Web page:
Julian Cope presents Head Heritage

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Annexus Quam
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Nov 11, 2000, 12:33
Around 1300 BC, Troy had fallen, and a horde, possibly of Indo-European origin, displaced by unknown causes, began to make its way across the Mediterranean. Known as the Peoples of the Sea, they travelled with their belongings and families looking for new lands to conquer. Heavily armed, their warriors wore helmets with two curved horns or a plume of feathers. They sacked and destroyed Micenae, provoked the fall of the Hittite Empire and even threatened the might of Egypt who finally sent its elite troops under the command of Ramases III to drive them off in 1170 BC.
Some settled in Palestine and became known to history as the Philistines of Old Testament fame. They also colonised Sardinia which adopted the name of one of their tribes, the shardana. And some are thought to have pressed on westwards until they reached the Balearic Islands although this is hotly debated by historians.

We do not know if they had a written language. Word endings such as utx and atx are thought to come from them. They were very conservative. Having arrived, they went no further (like so many modern visitors to the Island!). Until Phoenician traders and sailors appeared six centuries later, they lived in isolation from the world, and it was only when the Romans became incensed by their piracy that the Island was invaded and occupied. However, even then they continued in their own ways and coexisted with the invader. Little changed with the invasions of the Vandals and the Byzantines. Not even the arrival of the Moors in 903 seems to have made much difference and it was only after the Catalan Conquest when King Jaume I brought over new colonists, expelling, enslaving and assimilating the local population that the chain going back to the Trojan War was broken.

Whoever they were, it is indisputable that the Island of Mallorca underwent an abrupt change at this time (1300 BC), with the construction of the great talayots and archaeological discoveries of more bellicose relics from this era in a greater quantity than ever before.
Contemporaries of Agamemnon and Ulysses, all indications point to the invaders being very hierarchal and organised. They conquered Mallorca and Minorca although there is no evidence of them in Ibiza, and the conquest seems to have been short and sharp, as if there was little or no resistance.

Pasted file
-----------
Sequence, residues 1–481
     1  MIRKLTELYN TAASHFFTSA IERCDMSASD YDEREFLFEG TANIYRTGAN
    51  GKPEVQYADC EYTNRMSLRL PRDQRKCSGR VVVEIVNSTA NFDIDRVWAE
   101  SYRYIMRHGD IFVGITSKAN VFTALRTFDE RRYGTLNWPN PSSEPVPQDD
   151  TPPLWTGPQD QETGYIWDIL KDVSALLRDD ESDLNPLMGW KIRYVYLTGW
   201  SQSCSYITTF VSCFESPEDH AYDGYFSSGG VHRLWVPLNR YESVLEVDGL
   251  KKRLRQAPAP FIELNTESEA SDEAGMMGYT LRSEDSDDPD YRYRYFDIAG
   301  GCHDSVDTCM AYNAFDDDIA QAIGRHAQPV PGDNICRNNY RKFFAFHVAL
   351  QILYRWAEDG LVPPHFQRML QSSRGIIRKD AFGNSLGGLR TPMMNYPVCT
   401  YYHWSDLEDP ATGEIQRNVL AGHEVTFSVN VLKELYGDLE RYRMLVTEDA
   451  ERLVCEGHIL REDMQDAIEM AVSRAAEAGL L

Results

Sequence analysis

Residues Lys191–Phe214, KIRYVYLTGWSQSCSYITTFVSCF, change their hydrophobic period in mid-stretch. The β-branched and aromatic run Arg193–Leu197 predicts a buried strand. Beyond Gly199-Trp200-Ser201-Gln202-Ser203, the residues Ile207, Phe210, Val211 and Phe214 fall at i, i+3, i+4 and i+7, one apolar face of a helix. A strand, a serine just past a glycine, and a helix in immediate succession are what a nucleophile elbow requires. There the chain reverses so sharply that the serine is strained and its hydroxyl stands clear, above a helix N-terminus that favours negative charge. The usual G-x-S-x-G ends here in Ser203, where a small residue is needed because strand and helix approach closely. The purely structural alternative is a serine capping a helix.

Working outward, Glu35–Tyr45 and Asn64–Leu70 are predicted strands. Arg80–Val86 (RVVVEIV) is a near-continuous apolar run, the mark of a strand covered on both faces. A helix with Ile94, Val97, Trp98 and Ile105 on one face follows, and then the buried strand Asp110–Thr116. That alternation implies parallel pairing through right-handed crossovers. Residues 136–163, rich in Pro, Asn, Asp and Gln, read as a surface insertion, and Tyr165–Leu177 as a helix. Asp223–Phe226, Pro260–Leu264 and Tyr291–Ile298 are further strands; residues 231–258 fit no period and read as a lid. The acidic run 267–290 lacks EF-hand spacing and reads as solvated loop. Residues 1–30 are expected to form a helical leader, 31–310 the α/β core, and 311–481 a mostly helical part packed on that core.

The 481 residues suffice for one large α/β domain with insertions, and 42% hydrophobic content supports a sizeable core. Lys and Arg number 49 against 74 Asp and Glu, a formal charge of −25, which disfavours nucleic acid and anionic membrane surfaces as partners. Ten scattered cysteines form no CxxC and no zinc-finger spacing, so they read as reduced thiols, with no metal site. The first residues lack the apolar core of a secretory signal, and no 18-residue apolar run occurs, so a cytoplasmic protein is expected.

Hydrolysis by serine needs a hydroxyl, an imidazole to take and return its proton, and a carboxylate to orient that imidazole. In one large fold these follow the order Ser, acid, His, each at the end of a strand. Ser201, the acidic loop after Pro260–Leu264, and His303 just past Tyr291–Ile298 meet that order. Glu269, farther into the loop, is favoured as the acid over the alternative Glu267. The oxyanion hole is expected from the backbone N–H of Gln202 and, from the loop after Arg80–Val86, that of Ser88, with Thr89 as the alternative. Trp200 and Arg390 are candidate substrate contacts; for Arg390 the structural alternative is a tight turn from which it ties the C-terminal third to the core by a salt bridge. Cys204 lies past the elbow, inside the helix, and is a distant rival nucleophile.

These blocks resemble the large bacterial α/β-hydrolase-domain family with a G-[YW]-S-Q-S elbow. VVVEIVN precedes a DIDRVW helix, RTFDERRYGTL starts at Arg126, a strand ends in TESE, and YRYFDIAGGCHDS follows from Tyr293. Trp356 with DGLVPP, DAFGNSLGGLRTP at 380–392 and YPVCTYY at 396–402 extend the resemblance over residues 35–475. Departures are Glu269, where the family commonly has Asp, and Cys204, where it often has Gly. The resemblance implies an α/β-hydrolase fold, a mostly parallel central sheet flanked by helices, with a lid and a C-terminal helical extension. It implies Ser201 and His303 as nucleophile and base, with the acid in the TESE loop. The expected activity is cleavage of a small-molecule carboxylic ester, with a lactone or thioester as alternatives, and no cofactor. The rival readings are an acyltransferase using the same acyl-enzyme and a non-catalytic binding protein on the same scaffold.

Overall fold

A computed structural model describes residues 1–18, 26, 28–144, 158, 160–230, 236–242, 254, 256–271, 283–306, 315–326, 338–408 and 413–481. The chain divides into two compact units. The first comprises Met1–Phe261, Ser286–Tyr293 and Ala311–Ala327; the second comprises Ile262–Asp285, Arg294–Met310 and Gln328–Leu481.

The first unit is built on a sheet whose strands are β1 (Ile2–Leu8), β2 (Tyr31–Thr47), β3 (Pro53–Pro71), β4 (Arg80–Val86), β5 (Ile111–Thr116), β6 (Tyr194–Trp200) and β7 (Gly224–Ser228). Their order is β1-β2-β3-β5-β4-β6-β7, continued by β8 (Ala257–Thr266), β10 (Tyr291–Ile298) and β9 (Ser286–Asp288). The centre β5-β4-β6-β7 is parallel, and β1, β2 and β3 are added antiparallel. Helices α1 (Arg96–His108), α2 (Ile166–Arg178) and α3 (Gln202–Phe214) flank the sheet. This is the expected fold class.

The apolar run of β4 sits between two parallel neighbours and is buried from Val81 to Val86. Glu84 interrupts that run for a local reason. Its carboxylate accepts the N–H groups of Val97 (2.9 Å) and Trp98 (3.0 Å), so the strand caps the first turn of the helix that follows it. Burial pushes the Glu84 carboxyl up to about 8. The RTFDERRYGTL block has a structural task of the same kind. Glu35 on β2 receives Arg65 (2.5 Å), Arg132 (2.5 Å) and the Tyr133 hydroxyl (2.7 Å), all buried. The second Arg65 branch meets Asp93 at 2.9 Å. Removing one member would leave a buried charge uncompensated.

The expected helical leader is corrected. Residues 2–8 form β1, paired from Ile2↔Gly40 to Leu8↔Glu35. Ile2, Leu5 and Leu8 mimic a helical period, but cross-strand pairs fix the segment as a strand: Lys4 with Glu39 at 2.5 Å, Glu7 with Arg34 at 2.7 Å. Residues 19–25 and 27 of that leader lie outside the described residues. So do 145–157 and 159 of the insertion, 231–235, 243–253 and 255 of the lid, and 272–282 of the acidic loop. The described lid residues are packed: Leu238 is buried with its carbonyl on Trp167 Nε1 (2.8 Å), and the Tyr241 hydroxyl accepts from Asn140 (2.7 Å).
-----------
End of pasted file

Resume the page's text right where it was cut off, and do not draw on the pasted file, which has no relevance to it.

Found only in the islands of Mallorca and Minorca, the talayot gives its name to the the local Bronze and Iron Age culture that flourished there around 1300 BC. The talayots are not all alike nor do they have the same function. In general, circular talayots are found in the centre of settlements, the square ones are outside, they are smaller in size, and each side always measures 10 metres. The majority of the doorways are orientated to the southeast at 145-150 degrees and even on mountain peaks they are all in visual contact with another talayot. Could there have been some astronomical significance similar to those underlying the early pyramids lined up to the star Sirius?

In addition, talayots on the Plains, made from easy to work sandstone, are different from those in the mountains made from hard rock. The building methods, however, were the same. In its oldest and most simple form, it was a round tower-like construction built of large stone blocks enclosing a single room roofed by corbelling or more commonly a roof supported by a central column. It was surrounded by a wall of Cyclopean masonry and it shows similarities with contemporary structures in Sardinia (nuraghes) and Corsica ( filitosa and torres).

In all, more than 400 talayots have been found, plus some 100 walled settlements, and dozens of other constructions. They are often built on rises or small hills with commanding views over the surrounding area. There was an inhabited settlement every mile and a half or so, both on the Plains and in the mountains. On average, each settlement had a population of some 200 people.

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